Anthropology and Anthropologists provides an entertaining and provocative account of British social anthropology from the foundations of the discipline, through the glory years of the mid-twentieth century and on to the transformation in recent decades. The book shocked the anthropological establishment on first publication in 1973 but soon established itself as one of the introductions for students of anthropology. Forty years later, this now classic work has been radically revised. Adam Kuper situates the leading actors in their historical and institutional context, probes their rivalries, revisits their debates, and reviews their key ethnographies. Drawing on recent scholarship he shows how the discipline was shaped by the colonial setting and by developments in the social sciences.
Adam Kuper is a Centennial Professor at the London School of Economics and Political Science and a Visiting Professor at Boston University. His books include Culture: The Anthropologists' Account (1999), The Reinvention of Primitive Society (2005) and Incest and Influence: The Private Life of Bourgeois England (2009).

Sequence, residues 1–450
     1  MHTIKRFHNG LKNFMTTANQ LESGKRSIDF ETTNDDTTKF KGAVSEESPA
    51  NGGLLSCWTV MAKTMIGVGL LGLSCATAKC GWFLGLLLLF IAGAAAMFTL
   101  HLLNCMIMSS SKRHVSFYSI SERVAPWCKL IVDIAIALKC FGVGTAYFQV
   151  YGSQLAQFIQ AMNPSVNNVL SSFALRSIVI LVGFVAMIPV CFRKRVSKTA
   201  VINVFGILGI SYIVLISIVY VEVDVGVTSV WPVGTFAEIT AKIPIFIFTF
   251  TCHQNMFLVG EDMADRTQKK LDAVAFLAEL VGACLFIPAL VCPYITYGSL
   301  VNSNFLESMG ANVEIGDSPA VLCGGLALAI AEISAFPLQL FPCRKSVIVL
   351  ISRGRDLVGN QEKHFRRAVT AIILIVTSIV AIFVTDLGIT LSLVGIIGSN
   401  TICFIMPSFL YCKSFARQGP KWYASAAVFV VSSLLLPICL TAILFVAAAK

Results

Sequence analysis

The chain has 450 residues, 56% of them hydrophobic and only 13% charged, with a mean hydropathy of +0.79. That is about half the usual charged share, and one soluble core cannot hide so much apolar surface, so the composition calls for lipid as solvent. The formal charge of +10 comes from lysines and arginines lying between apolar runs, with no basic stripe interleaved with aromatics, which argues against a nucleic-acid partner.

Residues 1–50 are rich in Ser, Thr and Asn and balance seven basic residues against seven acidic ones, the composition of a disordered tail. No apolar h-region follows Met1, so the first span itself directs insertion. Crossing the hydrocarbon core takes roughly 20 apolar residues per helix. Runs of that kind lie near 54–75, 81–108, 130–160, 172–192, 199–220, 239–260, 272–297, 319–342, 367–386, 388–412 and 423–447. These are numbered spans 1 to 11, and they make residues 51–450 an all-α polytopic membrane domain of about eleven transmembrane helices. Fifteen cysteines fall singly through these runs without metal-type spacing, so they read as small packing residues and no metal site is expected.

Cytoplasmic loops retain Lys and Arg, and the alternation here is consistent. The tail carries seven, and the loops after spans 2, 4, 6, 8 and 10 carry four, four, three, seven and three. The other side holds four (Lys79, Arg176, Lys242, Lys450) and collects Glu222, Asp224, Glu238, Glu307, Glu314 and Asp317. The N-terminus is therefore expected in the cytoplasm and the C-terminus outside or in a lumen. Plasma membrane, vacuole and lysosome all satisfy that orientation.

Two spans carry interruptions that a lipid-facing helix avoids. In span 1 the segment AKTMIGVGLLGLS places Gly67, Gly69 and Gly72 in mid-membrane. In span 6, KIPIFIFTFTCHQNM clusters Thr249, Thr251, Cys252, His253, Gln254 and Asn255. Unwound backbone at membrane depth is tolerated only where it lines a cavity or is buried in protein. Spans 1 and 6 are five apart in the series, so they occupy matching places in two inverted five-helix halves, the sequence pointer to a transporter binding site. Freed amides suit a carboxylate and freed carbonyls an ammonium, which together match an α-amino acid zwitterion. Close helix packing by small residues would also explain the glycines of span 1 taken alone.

Preface to the fourth edition 1. Malinowski 2. Radcliffe-Brown 3. The 1930s and 1940s: from function to structure 4. Anthropology and colonialism 5. From charisma to routine: the decade after World War II 6. Edmund Leach and the neo-structuralists 7. Buddy, can you spare a paradigm? Appendix 1: Some contributions to the history of British social anthropology Appendix 2: Notes on the theoretical and regional interests of British-based social anthropologists, c.1920-1980